Armstrong Whitworth A.W.19

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Role General purpose military
National origin United Kingdom
Manufacturer Sir W.G.Armstrong Whitworth Aircraft Company
First flight 26 February 1934
Number built 1

The Armstrong Whitworth A.W.19 was a two/three-seat single-engine biplane, built as a general-purpose military aircraft in the mid-1930s. A newer, monoplane aircraft was preferred and only one A.W.19 was built.


Multi-tasking "general purpose" aircraft were attractive to a British Air Ministry keen to use air power to help control a large Empire. Manufacturers welcomed these aircraft in the hope of large contracts. So when Air Ministry Specification G.4/31 was issued in July 1931 for a Westland Wapiti replacement capable of filling roles as a day or night light bomber, a dive bomber,[a] an army co-operation, reconnaissance or casualty evacuation aircraft, modifying the specification in October that year to add the roles of torpedo bomber and maritime reconnaissance, it attracted considerable attention from British manufacturers, with 30 designs being submitted from 12 manufacturers.[2][3][4] Only three companies were awarded single prototype contracts, but another five decided to submit private venture machines. The Armstrong Whitworth A.W.19 was one of the latter group.[4]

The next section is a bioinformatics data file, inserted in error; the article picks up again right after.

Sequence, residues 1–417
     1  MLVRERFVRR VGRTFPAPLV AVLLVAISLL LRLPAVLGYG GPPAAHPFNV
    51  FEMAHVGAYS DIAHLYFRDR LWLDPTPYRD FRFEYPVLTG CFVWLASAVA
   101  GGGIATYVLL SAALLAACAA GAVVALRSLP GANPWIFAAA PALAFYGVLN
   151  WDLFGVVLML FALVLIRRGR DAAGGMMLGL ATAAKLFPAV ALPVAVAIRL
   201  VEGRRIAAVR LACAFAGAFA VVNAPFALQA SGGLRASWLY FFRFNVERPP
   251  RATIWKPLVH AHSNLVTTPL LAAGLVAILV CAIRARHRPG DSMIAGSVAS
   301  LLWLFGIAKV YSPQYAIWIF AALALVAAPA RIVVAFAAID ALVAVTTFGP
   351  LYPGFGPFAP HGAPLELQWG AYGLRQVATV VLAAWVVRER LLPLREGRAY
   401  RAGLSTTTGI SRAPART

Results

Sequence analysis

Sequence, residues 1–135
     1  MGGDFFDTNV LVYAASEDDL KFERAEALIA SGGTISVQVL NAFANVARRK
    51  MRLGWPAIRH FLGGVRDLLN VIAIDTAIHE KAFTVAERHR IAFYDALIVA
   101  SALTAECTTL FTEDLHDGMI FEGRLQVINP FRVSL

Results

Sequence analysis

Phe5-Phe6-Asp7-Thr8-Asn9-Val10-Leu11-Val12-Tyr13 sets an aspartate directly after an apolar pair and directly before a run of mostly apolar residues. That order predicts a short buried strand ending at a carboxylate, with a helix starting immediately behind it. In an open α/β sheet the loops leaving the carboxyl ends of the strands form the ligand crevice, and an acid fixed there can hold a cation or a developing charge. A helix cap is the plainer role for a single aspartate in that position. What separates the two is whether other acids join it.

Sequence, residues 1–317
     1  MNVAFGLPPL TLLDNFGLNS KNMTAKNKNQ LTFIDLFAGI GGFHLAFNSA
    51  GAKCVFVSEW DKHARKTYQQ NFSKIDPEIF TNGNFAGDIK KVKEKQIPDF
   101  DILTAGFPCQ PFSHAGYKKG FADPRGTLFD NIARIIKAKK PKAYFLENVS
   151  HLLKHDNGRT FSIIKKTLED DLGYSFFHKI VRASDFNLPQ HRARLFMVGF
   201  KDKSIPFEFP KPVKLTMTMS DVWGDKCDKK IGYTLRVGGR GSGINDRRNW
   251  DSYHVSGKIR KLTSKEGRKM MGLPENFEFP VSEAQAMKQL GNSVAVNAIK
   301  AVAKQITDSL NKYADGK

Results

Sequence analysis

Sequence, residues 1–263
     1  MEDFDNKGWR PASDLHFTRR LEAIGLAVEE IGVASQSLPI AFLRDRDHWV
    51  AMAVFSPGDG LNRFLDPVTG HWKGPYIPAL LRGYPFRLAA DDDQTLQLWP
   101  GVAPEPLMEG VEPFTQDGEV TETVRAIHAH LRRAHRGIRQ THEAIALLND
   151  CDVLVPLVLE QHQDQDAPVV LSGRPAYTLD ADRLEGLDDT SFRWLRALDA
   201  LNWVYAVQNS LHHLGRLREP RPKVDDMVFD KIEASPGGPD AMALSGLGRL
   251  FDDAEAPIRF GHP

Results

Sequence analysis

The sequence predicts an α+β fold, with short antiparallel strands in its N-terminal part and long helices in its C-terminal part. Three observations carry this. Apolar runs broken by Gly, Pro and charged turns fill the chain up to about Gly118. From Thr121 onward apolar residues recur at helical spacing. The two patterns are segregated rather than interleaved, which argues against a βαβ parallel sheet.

The A.W.19[5] was a single-engine single-bay biplane with unswept, constant chord wings of mild stagger. The wings were fabric covered over a structure built up around rolled-steel strip spars and aluminium alloy ribs. Both planes carried ailerons and there were automatic slots on the upper one. The lower wing was cranked, with negative dihedral over a short centre section, and the main undercarriage legs joined the wing at the end of this section. The main undercarriage was split, a necessary feature in a torpedo bomber carrying its long weapon under its fuselage; there was a small tailwheel. The square-section fuselage was of steel tube construction, aluminium covered at the front and canvas covered at the rear. Somewhat unusually, the fuselage filled the space between the wings, deep enough for a spacious, windowed cabin for the observer/navigator.[6][7] This cabin was between both the wings and the two cockpits;[7] the pilot sat forward of the upper wing, with his head above it and the gunner's position was well aft of the trailing edge.[8] The latter had a ring-mounted .303 in (7.7 mm) Lewis Gun, and there was an unusual metal cowl that could be slid rearwards to protect him from the elements when the gun was not in use.[9] There was also a single, forward-firing .303 in (7.7 mm) machine gun operated by the pilot. At the nose, the fuselage diameter decreased to the engine mounting, holding a supercharged 810 hp (600 kW) Armstrong Siddeley Tiger IV. It was enclosed in a long chord cowling.[6][7]